Of course, this TV carries an auspicious moniker -- Kuro -- so we were very keen to see how black levels looked. It was good news: with the lights off and the backlight set to a reasonable level (between -5 and -10), we were impressed by how rich colours were and how impressively black the black was. The black bars at the top and bottom of the screen in the 2.35:1 ratio in Vantage Point were almost totally black. We could only detect a small amount of backlight bleed.
We also looked at X-Men, one of our favourite DVDs for assessing upscaling ability, and were thrilled with the results. Everything looked as good as we could have hoped -- colour was bold without being over-the-top and there was a great level of detail. Keep in mind that smaller TVs like this generally struggle less with standard definition material, but it was still clear to us that the 32V has some very capable picture processing built-in.
Freeview picture quality was also well above average. We found there was plenty of detail in most programmes from the four main broadcasters. Colour was a little over-the-top at times, but that's easily adjusted in the pleasant menu system. Noise from MPEG encoding wasn't a problem either, which we were very pleased to see. Overall, this Kuro did a great job with standard definition material.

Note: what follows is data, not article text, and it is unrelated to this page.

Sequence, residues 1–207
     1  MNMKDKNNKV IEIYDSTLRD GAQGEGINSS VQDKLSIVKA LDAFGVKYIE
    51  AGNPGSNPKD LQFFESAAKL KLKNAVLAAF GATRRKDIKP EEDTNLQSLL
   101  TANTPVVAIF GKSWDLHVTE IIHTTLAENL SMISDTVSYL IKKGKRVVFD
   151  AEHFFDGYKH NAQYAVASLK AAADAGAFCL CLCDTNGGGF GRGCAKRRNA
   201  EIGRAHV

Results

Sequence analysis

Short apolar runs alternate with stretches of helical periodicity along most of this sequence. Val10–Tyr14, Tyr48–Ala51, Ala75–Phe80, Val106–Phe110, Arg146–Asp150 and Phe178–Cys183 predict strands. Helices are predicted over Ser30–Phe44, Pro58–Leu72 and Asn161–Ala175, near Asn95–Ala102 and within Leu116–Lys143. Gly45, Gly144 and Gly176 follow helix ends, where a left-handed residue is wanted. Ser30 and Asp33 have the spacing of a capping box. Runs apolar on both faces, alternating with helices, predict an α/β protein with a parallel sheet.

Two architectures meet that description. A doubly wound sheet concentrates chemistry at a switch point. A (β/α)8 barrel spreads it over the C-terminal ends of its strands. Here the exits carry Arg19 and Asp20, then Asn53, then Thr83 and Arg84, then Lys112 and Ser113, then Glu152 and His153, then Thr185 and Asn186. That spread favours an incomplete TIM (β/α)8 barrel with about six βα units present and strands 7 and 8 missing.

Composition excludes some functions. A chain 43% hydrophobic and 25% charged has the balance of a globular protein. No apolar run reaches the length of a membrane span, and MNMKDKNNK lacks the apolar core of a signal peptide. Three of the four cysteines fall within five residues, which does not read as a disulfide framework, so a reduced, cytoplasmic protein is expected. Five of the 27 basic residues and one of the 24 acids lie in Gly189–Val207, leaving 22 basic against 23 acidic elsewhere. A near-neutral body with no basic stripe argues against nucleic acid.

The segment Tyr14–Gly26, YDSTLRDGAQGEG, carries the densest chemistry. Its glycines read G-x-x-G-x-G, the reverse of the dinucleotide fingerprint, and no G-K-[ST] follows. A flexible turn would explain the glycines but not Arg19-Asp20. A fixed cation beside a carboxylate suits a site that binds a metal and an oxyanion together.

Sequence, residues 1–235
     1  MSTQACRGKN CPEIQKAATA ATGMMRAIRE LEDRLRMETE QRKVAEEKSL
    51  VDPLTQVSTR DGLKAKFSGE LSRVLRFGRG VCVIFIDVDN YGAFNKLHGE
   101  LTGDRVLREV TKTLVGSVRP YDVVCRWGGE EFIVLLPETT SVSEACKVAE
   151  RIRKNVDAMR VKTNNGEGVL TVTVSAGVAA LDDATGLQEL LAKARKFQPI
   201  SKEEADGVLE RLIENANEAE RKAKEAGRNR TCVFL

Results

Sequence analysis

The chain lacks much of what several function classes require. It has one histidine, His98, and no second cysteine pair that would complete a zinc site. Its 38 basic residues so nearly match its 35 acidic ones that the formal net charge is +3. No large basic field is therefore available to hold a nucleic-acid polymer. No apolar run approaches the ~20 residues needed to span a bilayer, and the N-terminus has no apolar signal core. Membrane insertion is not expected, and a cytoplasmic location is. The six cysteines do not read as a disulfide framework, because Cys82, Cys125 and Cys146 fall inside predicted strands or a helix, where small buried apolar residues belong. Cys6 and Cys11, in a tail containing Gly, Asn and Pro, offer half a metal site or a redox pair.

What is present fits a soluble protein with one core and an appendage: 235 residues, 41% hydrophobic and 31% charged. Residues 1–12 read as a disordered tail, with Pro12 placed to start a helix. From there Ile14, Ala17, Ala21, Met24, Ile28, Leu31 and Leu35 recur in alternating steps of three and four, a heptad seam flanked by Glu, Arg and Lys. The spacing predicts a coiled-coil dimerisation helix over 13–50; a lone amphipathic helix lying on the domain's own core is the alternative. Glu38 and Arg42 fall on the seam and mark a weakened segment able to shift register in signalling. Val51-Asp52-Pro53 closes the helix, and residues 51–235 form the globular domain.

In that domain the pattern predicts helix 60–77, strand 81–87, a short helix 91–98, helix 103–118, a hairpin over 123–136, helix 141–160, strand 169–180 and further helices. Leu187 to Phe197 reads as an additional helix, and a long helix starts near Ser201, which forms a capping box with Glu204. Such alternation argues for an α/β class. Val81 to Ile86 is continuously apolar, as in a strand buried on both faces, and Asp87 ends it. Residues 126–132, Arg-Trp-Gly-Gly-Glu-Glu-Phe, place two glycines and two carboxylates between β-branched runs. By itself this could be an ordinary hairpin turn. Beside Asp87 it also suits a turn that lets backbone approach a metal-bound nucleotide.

Although generally speaking we don't benchmark TVs, we did try out our Hollywood Quality Video (HQV) test disc to see how this landmark TV performed. Happily, it aced all the tests, proving itself very good at reducing picture noise, which is almost certainly why Freeview and DVDs look so good. There was no noticeable video or film resolution loss and the TV even did a good job at reducing 'jaggies' on moving objects.
Sound wasn't the most powerful we've ever heard and it would probably get lost in a large room, but the quality is excellent, with clear dialogue. Bass-heavy movies won't sound their best on the built-in speakers, so if you're a Bruce Willis fan, invest in some external ones.
We really like the Kuro LCD. It's never going to reach the giddy heights of near perfection that the plasmas from Pioneer do, but that doesn't make its picture performance any less impressive. Of course, if it was £300 or £400 cheaper, we'd be even more enthusiastic. That said, the recommended retail price is around £1,300, but you can already pick it up for as little as £1,100, so perhaps the price will drop even further in a few months.
We happen to think plasma is still the better of the two technologies in terms of picture performance. Plasmas used to have significant problems, with nasty solarisation effects and little sparkles all over the picture. But in the last two years we've seen huge development in the quality of of the technology, with a jump to 1080p and better black levels.
But nonetheless, we're excited about this LCD TV and have high hopes that the 42-inch model will be a class leader. Until then, if you want a great LCD, we'd have to suggest the Toshiba 40ZF355D, one of our favourites. We also love the Samsung slim series 8 TVs, such as the LE40A856, which has massive visual impact, loads of extras and a great picture.
Edited by Marian Smith